Everyone who’s searched for a good job knows that employers understand how to make their offer seem more attractive than it really is.
We at WeGoRo decided to work out which tricks are used by bosses in interviews to cut down on how much their employees will cost them.
The trick: A wage level is suggested during the interview, but they don’t tell you that taxes will be deducted from it.
What to do: Always check if the wage offer is the before or after tax figure.
The trick: You’re promised career progression in exchange for working hard, but only certain favorites move upward.
What to do: Find out the truth about career growth from your colleagues.
The trick: You’re made responsible for the debts owed by former employees, and this comes out of your salary.
What to do: Don’t put your name to any contract that contains a clause about material responsibility that has nothing to do with you.
The trick: The interview takes place at the company’s stylish head office, but you end up working in an industrial park in the basement.
What to do: Don’t shy away from asking about the exact location where you’ll be working.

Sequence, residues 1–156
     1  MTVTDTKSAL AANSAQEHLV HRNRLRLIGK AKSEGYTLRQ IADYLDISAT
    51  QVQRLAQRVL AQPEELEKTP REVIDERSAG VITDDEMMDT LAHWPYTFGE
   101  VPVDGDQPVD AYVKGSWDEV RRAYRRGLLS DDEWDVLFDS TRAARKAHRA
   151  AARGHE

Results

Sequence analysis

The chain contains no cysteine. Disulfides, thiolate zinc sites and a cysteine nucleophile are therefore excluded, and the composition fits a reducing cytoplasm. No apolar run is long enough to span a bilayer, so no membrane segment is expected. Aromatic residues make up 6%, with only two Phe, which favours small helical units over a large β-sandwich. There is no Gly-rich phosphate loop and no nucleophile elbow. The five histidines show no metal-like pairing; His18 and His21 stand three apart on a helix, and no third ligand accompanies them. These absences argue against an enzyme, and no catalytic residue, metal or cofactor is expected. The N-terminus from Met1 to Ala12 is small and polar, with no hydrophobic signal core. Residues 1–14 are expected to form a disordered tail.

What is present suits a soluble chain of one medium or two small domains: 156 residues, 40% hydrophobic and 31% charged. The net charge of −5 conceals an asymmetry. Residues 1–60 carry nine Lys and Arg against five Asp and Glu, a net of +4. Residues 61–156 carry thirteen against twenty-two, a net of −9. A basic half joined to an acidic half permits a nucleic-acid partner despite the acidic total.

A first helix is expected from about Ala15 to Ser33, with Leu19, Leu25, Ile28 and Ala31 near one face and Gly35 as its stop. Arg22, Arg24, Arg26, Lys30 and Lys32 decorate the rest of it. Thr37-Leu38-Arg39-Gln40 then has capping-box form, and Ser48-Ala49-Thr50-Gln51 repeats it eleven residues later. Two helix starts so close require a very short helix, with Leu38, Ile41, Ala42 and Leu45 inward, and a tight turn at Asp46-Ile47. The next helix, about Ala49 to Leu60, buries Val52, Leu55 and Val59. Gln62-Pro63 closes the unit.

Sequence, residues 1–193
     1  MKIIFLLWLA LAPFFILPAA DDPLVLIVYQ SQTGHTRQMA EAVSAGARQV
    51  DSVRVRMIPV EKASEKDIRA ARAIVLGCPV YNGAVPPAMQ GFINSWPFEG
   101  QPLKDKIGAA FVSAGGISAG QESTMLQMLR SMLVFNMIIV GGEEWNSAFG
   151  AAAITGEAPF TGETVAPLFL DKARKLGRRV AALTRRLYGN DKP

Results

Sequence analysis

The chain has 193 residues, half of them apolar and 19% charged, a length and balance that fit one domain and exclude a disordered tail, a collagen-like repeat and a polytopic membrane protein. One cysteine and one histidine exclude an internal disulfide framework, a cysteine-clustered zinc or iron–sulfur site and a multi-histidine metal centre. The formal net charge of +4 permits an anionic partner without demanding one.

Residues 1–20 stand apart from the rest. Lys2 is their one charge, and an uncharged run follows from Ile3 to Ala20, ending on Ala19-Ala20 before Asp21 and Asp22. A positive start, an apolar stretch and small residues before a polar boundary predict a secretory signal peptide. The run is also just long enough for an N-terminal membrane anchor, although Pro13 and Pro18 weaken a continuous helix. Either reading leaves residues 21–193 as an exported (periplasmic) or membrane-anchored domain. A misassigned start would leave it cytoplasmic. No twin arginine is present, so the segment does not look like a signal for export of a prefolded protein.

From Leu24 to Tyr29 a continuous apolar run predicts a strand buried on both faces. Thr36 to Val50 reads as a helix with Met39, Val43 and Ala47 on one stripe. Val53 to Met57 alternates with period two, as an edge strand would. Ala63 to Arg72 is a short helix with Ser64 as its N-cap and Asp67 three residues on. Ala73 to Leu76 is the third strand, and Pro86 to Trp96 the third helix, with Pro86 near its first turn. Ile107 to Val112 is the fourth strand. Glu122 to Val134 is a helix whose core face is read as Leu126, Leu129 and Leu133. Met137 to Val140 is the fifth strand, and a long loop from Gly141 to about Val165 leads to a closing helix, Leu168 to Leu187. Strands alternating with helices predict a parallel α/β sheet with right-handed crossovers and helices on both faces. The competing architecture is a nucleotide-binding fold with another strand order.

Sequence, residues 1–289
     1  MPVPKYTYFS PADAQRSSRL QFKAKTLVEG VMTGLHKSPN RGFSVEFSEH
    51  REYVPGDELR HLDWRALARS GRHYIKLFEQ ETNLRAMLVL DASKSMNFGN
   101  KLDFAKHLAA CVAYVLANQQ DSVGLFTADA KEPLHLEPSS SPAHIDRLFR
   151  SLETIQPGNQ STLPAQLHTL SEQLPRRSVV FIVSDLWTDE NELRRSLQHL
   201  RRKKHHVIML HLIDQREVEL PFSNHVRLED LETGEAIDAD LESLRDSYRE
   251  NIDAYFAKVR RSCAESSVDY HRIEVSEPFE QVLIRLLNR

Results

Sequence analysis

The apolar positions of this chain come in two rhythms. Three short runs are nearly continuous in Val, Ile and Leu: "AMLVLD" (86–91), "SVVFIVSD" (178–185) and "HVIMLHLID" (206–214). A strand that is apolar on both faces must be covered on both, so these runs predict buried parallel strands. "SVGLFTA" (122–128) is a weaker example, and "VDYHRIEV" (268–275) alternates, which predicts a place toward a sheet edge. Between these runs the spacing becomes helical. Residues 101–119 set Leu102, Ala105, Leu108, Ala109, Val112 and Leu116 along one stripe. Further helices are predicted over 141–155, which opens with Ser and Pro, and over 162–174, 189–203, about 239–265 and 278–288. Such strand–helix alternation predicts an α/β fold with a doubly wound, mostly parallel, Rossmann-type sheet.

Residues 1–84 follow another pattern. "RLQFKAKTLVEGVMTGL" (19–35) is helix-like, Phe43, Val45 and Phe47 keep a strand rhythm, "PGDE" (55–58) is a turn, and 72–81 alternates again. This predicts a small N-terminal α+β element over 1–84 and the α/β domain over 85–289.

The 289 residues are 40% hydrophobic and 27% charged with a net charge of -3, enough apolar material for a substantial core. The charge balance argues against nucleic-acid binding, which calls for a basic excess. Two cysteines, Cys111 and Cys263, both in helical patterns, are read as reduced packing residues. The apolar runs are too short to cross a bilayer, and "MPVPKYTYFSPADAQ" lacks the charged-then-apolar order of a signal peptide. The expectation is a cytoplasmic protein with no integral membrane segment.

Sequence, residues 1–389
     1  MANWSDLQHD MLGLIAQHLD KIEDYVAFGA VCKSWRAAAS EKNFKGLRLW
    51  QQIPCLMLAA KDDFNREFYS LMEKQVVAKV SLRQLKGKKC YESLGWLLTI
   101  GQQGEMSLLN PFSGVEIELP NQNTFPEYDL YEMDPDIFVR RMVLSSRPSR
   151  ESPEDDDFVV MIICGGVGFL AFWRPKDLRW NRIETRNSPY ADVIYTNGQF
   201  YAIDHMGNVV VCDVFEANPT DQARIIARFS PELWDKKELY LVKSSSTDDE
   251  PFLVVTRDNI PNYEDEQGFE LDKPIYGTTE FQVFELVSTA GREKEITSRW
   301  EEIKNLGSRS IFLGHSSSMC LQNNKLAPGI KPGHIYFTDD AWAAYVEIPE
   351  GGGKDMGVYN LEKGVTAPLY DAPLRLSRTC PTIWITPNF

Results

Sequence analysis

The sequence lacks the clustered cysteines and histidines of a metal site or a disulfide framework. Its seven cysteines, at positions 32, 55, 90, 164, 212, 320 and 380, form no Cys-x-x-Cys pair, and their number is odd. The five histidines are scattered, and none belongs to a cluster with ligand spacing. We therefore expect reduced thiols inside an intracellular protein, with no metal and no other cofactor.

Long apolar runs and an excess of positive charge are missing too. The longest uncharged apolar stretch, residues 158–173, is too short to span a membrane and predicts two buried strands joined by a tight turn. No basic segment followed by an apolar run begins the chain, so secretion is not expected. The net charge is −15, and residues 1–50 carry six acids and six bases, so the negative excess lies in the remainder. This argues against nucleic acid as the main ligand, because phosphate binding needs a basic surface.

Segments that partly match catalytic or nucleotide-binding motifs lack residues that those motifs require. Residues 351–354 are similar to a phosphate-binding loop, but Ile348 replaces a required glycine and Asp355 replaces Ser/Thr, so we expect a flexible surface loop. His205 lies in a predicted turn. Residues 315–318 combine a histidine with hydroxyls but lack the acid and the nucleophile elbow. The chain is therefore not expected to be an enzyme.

The trick: You obtain a job as a manager but then find out that in practice you’re on a lower rung of the ladder — with a matching salary.
What to do: Check that the work you’ll be doing and your pay match the position you were promised.
The trick: Your wages are lowered due to fines for alleged lateness, too many coffee/cigarette breaks, or other infractions.
What to do: Demand the amount that’s been cut from your wages. Fines of this kind are illegal.
The trick: You were promised an 8-hour workday, but in reality you work 10-12 hours, and you’re not paid overtime.
What to do: The only way to find out about this problem is to talk to former and current employees of the company.
The trick: The wage you’re promised is divided into a small fixed salary and a large bonus, and you end up getting only the former.
What to do: All bonuses should be confirmed in writing. You should know exactly what you’re owed.
Employers usually aren’t interested in improving your experience as an employee. What they want is the best person for the smallest amount of money.
Therefore, you should always:
Illustrator: Natalia Kulakova for BrightSide.me